“Communities are important” is a Re-ED principle that Carmen Perez embodies on a daily basis. Carmen delivers services in Spanish to the Latino community in York, Pennsylvania and has been doing so for the past seven years. Latino culture values personalismo with a well-meaning, caring, objective, and respectful person. Carmen certainly could be described as having personalismo. It is for this reason that not only the families she serves but also other members of the Latino community consider her a valuable resource. For example, Carmen’s supervisor has received phone calls or had people come to the Pressley Ridge office asking for her. These people were not clients that Pressley Ridge was serving but rather, Spanish-speaking individuals who needed help and had been told that Carmen would knew how to help them. Carmen has had the same experience when in the community as people will stop her and ask her questions about how to access a needed social service. Those outside of the Latino community also recognize Carmen’s use of personalismo as a valuable resource. In fact a local district justice routinely tells families to partner with Carmen.
Carmen also uses a mixture of care and objectivity when breaking down barriers. Carmen knows that many of the families she serves have not been able to experience the larger York community due to cultural and language barriers. For example, many of the parents that Carmen comes in contact with do not understand their child’s Individualized Education Plan, (IEP) for a variety of reasons. Many do not understand the purpose of the IEP meeting, or are uncomfortable requesting an interpreter for the IEP meeting. Because Carmen knows that a child must experience education as both positive and meaningful to increase their chances of success as an adult. She teaches parents how to advocate for themselves and not to allow their limited understanding of English to prevent their child from being successful.
Carmen also knows that to be successful, the families she serves must know how to negotiate their financial worlds and thus she tells them which banks have Spanish-speaking tellers and provides them information on budgeting and financial literacy in Spanish. This is a much needed resource for families who have recently immigrated to the United States and have not been previously exposed to concepts like credit and thus do not understand that good credit is needed to rent a home, purchase a car, or even get a good rate on car insurance.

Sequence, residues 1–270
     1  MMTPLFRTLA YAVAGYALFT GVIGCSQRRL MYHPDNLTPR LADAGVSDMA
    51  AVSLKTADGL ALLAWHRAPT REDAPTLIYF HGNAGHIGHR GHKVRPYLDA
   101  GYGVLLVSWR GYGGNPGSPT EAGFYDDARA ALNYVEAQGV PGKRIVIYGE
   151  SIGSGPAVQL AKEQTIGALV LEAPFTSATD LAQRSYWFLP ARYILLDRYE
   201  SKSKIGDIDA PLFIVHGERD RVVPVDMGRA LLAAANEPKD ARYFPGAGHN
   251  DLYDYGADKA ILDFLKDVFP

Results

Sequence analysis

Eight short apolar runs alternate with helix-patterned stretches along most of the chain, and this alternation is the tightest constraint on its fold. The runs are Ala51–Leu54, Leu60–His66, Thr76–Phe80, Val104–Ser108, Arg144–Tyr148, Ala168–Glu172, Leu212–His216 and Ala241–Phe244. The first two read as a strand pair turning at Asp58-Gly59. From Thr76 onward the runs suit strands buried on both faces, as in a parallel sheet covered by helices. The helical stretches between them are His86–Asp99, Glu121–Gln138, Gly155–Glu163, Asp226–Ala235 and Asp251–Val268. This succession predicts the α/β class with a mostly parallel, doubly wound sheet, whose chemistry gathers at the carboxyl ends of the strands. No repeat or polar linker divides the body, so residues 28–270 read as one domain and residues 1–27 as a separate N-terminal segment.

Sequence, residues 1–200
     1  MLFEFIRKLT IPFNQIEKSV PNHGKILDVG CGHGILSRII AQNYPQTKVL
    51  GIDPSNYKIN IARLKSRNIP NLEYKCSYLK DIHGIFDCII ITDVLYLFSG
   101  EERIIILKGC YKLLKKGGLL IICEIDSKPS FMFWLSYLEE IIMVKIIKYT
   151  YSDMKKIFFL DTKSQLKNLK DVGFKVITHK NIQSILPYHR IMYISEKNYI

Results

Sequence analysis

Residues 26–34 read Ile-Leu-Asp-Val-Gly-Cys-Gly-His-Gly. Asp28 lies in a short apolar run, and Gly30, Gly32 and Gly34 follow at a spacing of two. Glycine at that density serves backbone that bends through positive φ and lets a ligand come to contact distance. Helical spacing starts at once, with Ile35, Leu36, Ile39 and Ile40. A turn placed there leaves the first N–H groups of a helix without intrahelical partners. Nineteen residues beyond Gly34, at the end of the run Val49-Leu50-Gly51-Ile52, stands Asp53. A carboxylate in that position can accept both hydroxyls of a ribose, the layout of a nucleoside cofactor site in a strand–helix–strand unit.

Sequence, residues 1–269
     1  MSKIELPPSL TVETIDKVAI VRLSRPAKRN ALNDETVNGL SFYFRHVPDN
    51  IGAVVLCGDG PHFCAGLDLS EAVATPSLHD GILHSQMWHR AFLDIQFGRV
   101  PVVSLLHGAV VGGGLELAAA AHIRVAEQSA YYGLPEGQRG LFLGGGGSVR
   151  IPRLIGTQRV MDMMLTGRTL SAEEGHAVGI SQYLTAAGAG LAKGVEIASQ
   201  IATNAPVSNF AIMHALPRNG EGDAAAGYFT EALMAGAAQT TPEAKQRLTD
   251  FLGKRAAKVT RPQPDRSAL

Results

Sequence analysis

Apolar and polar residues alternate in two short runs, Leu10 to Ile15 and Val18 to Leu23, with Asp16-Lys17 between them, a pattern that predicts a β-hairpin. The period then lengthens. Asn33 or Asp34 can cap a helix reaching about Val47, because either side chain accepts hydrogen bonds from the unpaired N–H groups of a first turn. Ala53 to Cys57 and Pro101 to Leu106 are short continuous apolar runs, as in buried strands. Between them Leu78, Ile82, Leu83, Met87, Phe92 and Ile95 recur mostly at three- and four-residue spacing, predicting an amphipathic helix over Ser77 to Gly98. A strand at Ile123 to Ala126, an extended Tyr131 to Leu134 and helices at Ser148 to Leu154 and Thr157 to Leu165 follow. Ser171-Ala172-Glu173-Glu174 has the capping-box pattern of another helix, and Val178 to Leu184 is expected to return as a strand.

Many of Carmen’s families live in unsafe neighborhoods due to their limited incomes and thus violence is a reality in their lives. Recently, Carmen was in a family’s home helping to train a newly hired bilingual worker when there was a shooting. Carmen’s car was damaged but she did not allow the frustration of this to taint the new worker’s perception of Pressley Ridge’s work. At this moment Carmen exemplified personalismo as she was both caring and objective. Carmen explained that this type of incident—a worker’s car being damaged in a shooting—was extremely rare and this was the first time it had happened to one of our York workers while also providing emotional support to the new worker. You see, even while standing in front of her tire that had been shredded by bullets, Carmen’s concern was for those around her rather than her personal belongings.
Personalismo could also be loosely translated as forming a genuine caring relationship and these caring relationships that Carmen forms with other professionals and those that she serves are the foundation of her work. It is also these relationships that knit together her community and allow her to support those she serves to experience the larger York community in a positive and meaningful way.